Tabitha and I have made it through Moria, and are now resting in Lorien.
We started our tour through Middle-earth this summer, when her friend Taryn told her about the movies. The movies would be a bit much for Tabby, though, and we figured that if we started with the books the movies would be less, well, much. So we spent the summer cruising through The Hobbit, and then moved on to the Lord of the Rings in late August.
I have always loved the Lord of the Rings, ever since I first stumbled across it when I was in junior high (which was not middle school then, though it was by the time I graduated). I was at my grandparents' house when the 1970s animated version of the Fellowship of the Ring was on television, and I remember thinking, "This is a great story, but the book HAS to be better than this." So I hied me down to the local library and checked it out. And it was better, no doubt about it.
Eventually, I got around to reading The Hobbit, which was okay. And then I read the Silmarillion, which was just mind-blowing, and - in a preview of my future academic nerdhood - I began my odyssey through all of the subsequent volumes put together by Tolkien's son. I even worked out how to write in Tengwar, the elvish script. This is a useful party trick, and came in handy in 9th grade when The Worst Teacher Ever got snippy at me for the way I wrote my name. So I wrote it in Tengwar for the rest of the year, along with with various snippy comments of my own. Eventually I found out that his daughter took it as a challenge and figured out that the beautifully calligraphed writing at the bottom (hey - if you're going to Challenge The Man, at least do it with style) said snotty-teenage-boy things like "I hope your shorts creep up." TWTE and I had an odd relationship that way - he seemed to enjoy the Tengwar almost as much as the fact that when I would take his multiple choice exams (exams which he was proud to say that nobody had ever gotten an A on in however many years he had been teaching), I would flip coins to determine my answer. Sometimes the coins would hit the 15-foot ceiling of the classroom. "I see Dave's ready," TWTE said one exam day, "He's got his quarter out."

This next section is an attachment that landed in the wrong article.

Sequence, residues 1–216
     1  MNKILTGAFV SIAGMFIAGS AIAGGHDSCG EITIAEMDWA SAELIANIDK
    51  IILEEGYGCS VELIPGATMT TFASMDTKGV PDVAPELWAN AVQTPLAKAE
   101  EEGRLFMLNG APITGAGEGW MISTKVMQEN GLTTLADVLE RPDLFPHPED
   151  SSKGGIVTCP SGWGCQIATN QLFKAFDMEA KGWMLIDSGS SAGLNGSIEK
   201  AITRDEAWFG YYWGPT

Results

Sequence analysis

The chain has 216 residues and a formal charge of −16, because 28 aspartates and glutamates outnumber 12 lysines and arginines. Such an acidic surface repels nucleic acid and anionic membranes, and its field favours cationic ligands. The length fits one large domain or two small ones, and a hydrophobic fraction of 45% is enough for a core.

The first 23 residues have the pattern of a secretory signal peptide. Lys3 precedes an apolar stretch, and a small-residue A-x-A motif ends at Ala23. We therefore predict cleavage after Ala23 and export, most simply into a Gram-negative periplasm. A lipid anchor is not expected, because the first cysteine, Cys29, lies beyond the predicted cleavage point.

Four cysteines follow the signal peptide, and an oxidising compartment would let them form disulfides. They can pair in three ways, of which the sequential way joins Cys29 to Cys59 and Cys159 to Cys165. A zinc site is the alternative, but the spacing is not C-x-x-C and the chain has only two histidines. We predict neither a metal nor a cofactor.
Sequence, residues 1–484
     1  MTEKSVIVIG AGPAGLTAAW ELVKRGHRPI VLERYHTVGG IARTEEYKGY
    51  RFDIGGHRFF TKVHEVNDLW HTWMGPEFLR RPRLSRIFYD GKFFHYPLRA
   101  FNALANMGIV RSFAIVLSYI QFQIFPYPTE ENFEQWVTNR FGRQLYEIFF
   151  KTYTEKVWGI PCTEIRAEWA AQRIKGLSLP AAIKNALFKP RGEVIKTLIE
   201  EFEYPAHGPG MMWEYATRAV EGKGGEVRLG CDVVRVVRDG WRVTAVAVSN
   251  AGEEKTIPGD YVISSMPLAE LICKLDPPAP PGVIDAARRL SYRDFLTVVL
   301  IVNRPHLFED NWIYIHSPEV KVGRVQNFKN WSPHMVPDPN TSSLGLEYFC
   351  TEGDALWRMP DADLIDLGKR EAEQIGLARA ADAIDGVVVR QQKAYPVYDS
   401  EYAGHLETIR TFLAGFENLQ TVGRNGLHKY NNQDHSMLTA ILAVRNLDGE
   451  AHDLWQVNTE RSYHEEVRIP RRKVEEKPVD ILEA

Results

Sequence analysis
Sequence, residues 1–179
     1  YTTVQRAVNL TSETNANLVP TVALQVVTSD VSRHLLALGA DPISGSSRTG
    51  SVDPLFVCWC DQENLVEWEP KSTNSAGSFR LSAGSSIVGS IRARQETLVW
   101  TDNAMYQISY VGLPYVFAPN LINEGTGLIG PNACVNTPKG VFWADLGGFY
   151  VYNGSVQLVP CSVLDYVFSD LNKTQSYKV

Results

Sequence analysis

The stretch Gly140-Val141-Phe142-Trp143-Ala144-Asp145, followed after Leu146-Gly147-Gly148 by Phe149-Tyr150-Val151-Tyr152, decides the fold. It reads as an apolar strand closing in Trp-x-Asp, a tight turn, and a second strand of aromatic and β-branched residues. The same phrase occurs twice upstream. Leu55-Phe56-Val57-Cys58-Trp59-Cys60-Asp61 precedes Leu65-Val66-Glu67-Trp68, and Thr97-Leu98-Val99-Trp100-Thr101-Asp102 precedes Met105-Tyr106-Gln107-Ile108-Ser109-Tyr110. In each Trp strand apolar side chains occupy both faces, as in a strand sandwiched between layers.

The Lord of the Rings even got me into the workforce. I decided that I wanted the fancy red-leather edition that came in the slipcase, the edition that cost $40 in 1980 (it goes for about double that now). My mother said, "Well, then you can earn the money for it," and so I did. I spent a summer working in the courthouse, helping my mother do title searches, and she paid me out of her own pocket. And when I had $43 saved up (must account for tax!) I rode off to the book store on my red bike and came home triumphant. And then disappeared for a week to read it - a ritual I completed annually until well into my 20s.
Nerdhood, yes, that's me.
So now I am infecting a new generation with the Tolkien bug. So far Tabitha's enjoying it, and she asks lots of questions about the backgrounds of the various characters. Nobody does backstory like Tolkien, so there's always lots to say about that. Eventually we'll try the movies.
I think a lot of why I ended up as a historian can be traced back to that cartoon I saw at my grandparents' house. It led me to Middle-earth, which led me to medieval history in general, which led me here. Not bad for a cartoon.